Fidelity slashes fees as funds battle for investors

NEW YORK — The price war among mutual fund companies is hitting a new frontier, to the further benefit of investors.

Fidelity says it will soon offer a pair of mutual funds that charge zero in expenses.

The new index funds are part of a suite of changes Fidelity is making to lower expenses and make investing easier, even for investors with smaller amounts to put into the market.

Mutual fund companies have been battling to attract customers, who have become increasingly aware of how much high fees can limit returns. Vanguard, the largest mutual fund provider, said last month it will stop charging commissions for online trades of most ETFs, for example.

The two zero-fee Fidelity index funds will be available Friday. One will cover the U.S. stock market, and the other will follow the international stock market. These kinds of funds often form the centerpiece of a retirement portfolio, along with bond funds.

Fees for mutual funds have been dropping steadily for years, and investors last year paid $59 of every $10,000 invested in stock mutual funds in expenses. That's down from $100 in 2003, according to the Investment Company Institute.

Investors have been flocking to the lowest-cost funds with the knowledge that high-fee funds have to perform that much better just to equal their after-fee returns. More than three quarters of all the money invested in stock mutual funds is in a fund that ranks in the bottom quarter of expenses, according to the Investment Company Institute.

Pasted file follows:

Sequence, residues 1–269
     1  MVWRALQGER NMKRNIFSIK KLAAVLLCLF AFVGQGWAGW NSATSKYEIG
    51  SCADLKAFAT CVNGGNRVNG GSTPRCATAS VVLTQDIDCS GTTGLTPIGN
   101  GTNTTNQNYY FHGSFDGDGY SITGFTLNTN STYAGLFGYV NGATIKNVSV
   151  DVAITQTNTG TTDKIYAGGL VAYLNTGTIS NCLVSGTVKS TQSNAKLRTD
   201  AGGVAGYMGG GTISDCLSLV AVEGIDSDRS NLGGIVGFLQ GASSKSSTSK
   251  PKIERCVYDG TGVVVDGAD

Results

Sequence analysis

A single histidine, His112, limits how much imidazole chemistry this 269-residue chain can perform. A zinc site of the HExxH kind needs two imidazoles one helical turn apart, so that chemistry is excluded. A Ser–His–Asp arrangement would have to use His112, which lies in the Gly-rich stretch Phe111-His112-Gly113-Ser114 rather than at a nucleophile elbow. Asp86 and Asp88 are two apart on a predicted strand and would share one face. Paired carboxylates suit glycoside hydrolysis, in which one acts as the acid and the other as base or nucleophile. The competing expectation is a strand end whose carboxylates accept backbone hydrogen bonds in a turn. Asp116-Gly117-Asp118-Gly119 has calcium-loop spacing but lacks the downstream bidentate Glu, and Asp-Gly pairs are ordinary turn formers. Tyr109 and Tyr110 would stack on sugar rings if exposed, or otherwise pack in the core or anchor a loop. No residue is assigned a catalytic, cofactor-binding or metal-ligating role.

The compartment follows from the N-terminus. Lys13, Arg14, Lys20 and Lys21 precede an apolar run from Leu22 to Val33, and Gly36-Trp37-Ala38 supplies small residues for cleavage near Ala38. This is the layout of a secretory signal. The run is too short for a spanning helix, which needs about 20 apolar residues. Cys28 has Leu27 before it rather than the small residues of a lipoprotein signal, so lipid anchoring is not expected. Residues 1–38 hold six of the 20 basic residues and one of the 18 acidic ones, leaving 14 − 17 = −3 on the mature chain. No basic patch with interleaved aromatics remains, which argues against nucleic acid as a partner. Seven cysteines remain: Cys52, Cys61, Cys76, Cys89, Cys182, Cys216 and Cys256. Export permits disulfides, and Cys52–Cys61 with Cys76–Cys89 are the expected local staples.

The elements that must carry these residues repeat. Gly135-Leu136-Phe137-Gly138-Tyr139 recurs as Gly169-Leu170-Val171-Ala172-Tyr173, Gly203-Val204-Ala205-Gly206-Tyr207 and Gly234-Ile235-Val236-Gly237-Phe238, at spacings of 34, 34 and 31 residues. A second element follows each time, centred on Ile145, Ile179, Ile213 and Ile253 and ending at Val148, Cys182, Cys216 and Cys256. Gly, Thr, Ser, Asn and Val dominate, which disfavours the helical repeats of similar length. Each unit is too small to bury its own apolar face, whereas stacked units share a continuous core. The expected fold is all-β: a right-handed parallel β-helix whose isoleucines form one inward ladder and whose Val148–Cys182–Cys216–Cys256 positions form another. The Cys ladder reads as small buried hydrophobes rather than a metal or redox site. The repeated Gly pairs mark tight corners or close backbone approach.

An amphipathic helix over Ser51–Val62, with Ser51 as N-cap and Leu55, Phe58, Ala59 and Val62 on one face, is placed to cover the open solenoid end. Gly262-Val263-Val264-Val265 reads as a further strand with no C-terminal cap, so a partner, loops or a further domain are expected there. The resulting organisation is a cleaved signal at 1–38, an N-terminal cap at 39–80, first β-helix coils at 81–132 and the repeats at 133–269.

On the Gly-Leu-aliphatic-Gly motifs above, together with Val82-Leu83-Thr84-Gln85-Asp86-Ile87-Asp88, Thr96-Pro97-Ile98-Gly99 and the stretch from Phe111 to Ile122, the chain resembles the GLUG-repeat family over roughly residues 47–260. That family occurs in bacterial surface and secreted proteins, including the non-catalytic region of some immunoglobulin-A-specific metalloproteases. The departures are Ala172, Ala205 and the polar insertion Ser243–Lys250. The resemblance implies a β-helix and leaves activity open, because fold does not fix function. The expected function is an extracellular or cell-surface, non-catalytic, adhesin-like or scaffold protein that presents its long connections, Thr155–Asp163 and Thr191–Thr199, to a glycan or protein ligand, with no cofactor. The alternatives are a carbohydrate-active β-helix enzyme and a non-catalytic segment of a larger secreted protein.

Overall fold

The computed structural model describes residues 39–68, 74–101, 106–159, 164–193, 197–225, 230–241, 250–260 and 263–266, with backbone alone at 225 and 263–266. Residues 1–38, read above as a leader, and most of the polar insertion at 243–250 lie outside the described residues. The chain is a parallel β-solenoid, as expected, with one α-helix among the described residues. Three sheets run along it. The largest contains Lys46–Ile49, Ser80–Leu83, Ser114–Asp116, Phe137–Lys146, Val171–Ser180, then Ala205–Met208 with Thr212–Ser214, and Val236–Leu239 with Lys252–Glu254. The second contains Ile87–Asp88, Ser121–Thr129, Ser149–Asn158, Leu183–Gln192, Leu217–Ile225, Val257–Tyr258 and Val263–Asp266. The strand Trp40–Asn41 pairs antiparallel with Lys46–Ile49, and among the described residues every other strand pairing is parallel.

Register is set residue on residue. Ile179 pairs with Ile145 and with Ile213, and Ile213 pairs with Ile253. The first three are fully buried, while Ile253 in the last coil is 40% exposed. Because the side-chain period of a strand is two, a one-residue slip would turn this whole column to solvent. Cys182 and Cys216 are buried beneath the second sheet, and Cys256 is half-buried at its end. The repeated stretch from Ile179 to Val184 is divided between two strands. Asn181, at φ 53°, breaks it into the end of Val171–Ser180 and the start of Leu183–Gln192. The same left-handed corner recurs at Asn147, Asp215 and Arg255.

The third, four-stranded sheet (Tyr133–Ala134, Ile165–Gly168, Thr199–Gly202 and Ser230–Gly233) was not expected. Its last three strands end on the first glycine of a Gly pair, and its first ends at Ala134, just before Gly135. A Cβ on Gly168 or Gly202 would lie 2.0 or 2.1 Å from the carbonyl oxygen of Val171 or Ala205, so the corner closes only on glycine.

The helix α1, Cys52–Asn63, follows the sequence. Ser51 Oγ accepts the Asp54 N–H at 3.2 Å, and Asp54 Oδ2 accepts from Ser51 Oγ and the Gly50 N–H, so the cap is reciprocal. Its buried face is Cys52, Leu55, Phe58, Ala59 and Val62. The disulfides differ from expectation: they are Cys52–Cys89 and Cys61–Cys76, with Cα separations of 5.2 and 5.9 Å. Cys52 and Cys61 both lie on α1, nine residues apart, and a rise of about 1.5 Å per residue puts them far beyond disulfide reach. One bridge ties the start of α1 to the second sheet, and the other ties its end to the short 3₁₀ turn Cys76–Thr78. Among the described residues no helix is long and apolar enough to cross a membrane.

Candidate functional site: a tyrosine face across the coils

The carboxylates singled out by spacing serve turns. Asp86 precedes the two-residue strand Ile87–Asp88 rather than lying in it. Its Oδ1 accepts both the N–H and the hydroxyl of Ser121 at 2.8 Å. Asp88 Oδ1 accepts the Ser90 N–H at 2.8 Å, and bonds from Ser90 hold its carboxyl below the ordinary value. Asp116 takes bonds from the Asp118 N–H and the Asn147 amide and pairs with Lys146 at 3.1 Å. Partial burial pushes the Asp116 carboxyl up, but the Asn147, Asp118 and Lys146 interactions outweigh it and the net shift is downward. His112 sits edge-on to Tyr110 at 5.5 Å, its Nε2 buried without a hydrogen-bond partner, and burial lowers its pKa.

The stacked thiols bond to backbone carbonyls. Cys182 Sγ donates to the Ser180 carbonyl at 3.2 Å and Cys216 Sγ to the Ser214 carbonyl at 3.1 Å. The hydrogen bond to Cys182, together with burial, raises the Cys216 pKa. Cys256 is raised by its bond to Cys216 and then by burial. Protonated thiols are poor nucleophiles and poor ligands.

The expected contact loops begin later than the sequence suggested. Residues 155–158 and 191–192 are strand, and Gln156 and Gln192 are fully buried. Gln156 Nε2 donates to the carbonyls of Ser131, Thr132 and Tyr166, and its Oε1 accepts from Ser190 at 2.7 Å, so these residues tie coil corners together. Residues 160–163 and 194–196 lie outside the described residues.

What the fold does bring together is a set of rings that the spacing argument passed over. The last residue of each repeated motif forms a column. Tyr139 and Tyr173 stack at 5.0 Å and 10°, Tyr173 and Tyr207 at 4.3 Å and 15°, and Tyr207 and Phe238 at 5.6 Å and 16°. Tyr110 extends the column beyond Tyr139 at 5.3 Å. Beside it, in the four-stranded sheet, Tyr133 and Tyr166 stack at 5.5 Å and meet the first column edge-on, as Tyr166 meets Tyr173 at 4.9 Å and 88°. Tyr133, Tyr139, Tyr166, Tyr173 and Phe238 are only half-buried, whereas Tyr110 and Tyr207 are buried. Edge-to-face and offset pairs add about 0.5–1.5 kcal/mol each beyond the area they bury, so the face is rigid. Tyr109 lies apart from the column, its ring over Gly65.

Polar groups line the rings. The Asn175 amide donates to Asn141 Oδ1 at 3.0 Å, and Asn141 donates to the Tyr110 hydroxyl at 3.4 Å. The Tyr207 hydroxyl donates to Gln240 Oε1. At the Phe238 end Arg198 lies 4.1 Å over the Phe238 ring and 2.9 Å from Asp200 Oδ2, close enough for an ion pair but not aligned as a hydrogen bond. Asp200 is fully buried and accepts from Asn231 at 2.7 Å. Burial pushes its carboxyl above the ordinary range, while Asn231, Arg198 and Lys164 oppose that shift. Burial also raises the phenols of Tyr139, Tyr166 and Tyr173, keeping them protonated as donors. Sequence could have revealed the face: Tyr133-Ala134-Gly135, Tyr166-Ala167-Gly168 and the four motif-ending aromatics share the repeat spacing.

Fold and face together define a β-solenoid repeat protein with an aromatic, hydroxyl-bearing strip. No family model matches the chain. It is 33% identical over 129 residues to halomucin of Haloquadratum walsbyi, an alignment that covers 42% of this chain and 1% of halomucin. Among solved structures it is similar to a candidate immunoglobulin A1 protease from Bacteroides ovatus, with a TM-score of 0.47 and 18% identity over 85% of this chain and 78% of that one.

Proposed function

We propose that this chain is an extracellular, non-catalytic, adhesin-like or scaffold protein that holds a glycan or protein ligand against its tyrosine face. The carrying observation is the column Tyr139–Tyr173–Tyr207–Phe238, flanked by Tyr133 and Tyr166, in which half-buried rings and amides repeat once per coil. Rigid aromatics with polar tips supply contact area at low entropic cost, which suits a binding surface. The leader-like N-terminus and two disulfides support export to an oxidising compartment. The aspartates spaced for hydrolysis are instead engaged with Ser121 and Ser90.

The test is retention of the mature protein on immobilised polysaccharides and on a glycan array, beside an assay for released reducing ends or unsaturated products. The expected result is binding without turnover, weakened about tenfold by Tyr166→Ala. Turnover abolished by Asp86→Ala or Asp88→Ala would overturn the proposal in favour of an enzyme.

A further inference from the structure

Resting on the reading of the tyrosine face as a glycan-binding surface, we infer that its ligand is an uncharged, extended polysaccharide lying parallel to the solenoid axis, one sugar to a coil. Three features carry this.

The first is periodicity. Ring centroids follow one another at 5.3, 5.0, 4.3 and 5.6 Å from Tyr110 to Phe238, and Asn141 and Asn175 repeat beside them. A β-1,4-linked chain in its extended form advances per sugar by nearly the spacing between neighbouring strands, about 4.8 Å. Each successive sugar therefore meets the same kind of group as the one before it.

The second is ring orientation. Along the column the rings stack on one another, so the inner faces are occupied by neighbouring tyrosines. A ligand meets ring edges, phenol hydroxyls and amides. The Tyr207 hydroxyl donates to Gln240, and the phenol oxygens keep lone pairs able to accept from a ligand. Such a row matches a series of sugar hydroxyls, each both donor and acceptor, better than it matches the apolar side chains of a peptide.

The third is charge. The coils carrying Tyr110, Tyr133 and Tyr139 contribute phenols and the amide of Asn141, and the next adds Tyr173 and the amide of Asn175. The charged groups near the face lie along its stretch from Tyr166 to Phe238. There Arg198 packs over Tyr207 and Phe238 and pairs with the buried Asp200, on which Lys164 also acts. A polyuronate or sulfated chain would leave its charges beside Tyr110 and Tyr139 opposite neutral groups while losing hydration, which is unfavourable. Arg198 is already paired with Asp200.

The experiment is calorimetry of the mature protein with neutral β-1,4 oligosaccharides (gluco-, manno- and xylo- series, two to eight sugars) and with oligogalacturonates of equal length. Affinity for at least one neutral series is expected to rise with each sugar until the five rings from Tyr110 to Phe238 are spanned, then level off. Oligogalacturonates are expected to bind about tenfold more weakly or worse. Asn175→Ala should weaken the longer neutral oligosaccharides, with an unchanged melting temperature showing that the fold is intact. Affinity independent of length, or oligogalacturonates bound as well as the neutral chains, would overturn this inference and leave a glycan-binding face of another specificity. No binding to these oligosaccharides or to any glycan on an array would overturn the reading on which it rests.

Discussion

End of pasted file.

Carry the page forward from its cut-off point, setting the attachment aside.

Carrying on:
Among other changes Fidelity is making: It set zero minimums to open accounts and zero account fees. It also is cutting expenses for its existing stock and bond index mutual funds by letting investors have the lowest-priced share class available, regardless of how much they have invested. Fidelity said the change will save shareholders about $47 million annually.

All the investor-friendly actions by Fidelity and others across the industry mean it's never been this cheap or easy to put money into the market. Perhaps the only downside is the timing: The stock market is more than nine years into one of its longest-ever upward runs, and some experts on Wall Street are questioning how much longer it can go.

One other potential drawback to making investing easier is that it could make investors more likely to try to time the market and jump quickly in and out of stocks, something that many investors get wrong.

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